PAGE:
web analytics
big year Birding Costa Rica

A Big Year in Costa Rica

In the birding world, many of us are a list obsessed bunch. The lists other people use are temporal and pretty much inconsequential; a nearly forgotten, crumpled note that mentions milk, bread, butter, flour, cereal, mahi mahi (for those of us lucky enough to reside where this fish is standard) and other essentials like snickers bars and salt.
For birders, though, lists often play a principle role in one’s life. Lists of birds that is. Aside from the all important life list,  there is also the yard list, the wish list (similar to but not quite the target list), the day list, the state list, the country list and so on. There is also a year list. This latter list is not to be confused with a BIG YEAR though; the endeavor or madness that I am doing/carrying out/attempting in 2009. Oh yes, I need to clarify that I am doing a BIG YEAR  for Costa Rica. That is to say, I am striving to identify as many species as possible within the territorial boundaries of Costa Rica. This is different from a year list because that would be simply keeping track of all species identified.

To truly be recognized as a BIG YEAR, I think one has to make serious efforts to see EVERYTHING. For example, if that means that I will have to waltz around in the middle of the cold and windy nights in the high mountains while monotonously whistling like an Unspotted Saw-whet Owl then so be it! One has to do what one has to do for a BIG DAY or BIG YEAR. It’s going to be especially challenging because I work a weekday job in a birdless environment (birds have not evolved to occupy office space) and most of all because I have a 6 month old daughter but I am giving it a shot. “Giving it a shot” means that I might not only have to do that waltzing and Saw-whet sans spots whistling but also take a trip to the Osa, bird near the Panamanian border on both slopes, hit Palo Verde, Cano Negro and Guanacaste, bird migrant hot spots, probably take the Puntarenas ferry several times and carry out other as of yet unknown birding missions. At least Costa Rica is a small country and you can get to just about everywhere. One thing I won’t do is carouse around the open ocean chumming for pelagics. Pelagic birds are super cool but seasickness isn’t and I get roaringly sick out on those darn waves. At least I can handle that Puntarenas ferry though and that will probably give me a few pelagic or semi-pelagic birds.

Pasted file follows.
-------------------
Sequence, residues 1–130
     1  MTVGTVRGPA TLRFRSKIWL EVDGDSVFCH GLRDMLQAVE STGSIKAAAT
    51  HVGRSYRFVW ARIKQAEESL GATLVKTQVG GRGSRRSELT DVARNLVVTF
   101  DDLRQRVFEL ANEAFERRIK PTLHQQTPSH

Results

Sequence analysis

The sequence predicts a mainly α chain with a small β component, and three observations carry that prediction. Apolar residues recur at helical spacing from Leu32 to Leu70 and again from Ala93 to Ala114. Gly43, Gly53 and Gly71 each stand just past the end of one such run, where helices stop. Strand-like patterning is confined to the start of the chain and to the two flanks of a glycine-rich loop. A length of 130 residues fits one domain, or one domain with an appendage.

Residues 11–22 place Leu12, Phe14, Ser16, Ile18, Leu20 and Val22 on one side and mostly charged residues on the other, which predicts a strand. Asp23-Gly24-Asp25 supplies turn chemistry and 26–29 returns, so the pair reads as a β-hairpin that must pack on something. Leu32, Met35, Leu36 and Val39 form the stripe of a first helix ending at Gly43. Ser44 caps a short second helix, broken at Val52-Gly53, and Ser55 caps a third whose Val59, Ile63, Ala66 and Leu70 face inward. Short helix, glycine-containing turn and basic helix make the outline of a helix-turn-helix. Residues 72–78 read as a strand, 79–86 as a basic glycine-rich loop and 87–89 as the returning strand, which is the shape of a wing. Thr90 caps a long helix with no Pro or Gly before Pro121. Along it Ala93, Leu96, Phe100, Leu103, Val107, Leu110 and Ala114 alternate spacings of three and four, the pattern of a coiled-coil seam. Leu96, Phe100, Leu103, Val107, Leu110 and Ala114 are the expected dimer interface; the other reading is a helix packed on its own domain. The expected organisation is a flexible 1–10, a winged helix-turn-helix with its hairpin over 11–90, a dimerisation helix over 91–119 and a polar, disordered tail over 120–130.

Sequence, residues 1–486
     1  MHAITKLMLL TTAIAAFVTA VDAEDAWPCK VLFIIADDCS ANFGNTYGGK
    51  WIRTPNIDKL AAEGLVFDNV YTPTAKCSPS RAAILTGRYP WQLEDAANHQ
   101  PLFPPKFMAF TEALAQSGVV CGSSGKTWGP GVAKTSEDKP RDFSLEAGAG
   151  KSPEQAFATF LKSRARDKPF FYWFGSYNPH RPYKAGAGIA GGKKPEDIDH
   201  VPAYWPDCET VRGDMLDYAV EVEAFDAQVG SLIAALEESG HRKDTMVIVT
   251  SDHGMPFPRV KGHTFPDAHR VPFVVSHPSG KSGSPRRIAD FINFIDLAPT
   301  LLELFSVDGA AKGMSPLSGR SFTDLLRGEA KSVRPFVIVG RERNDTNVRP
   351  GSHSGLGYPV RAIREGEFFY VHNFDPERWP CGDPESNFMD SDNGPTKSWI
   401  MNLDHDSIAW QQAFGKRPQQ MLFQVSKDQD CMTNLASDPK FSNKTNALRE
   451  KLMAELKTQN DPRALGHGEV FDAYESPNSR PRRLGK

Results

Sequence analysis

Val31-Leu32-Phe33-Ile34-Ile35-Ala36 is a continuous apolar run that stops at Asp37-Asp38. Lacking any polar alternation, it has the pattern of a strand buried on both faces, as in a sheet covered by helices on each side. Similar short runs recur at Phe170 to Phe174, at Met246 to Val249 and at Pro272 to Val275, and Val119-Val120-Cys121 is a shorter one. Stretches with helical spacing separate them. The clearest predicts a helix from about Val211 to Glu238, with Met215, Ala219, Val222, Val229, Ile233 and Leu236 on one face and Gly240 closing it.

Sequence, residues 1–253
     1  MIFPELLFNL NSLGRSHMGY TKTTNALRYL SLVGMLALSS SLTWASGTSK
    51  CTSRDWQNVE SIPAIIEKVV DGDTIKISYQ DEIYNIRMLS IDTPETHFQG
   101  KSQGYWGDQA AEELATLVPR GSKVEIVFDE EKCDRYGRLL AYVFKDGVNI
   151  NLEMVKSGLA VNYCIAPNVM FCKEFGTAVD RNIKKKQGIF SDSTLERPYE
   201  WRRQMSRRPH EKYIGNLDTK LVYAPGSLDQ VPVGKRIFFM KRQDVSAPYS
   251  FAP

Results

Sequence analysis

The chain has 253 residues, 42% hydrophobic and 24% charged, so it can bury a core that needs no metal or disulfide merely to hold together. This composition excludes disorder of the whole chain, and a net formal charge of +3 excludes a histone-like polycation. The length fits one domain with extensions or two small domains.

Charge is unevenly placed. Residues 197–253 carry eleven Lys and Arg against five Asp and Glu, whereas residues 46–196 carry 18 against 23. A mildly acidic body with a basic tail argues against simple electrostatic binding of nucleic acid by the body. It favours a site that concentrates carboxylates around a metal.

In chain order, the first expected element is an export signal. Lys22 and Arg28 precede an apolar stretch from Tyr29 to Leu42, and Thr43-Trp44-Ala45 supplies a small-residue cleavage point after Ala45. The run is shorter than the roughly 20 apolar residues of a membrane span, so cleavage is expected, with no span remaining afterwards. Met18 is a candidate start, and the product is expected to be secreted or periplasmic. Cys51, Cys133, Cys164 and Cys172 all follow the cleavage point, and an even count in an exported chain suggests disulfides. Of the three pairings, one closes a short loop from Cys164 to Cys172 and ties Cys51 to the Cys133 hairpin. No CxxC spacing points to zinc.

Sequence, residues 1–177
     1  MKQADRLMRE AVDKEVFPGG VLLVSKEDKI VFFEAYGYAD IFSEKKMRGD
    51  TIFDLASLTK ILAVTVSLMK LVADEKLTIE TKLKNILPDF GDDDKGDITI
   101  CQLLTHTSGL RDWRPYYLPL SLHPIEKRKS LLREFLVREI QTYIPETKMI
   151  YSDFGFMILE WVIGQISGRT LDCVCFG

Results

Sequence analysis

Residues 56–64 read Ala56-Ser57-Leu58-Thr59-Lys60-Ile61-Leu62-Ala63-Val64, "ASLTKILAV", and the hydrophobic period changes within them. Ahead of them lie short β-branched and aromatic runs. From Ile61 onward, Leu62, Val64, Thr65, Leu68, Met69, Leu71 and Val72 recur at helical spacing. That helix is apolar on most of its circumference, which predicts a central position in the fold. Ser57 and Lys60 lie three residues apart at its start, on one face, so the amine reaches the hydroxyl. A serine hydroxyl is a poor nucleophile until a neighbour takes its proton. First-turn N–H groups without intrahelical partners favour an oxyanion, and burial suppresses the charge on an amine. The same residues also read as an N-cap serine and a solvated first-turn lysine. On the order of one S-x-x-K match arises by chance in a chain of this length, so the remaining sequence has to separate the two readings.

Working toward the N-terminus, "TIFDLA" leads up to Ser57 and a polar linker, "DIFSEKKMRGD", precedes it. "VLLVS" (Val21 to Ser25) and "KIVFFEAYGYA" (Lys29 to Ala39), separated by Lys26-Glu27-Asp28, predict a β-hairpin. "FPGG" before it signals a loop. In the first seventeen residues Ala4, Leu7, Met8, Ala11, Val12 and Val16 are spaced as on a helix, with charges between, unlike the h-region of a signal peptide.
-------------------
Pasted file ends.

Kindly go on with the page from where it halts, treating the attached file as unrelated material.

Although I haven’t been able to get out too much as of late February (and I need to because its going to rain from May to December), I have broke 300 species. My best bird so far is Tiny Hawk! This a good one because even though they are around, you can hardly plan on seeing one. I got lucky with a glimpse along the La Selva entrance road. We were attempting to locate some hidden Tanagers that were giving alarm calls when this thrush sized bird with blunt head and tail barring burst out of a palm to fly across the road and out of site. Yep, typical Tiny Hawk experience.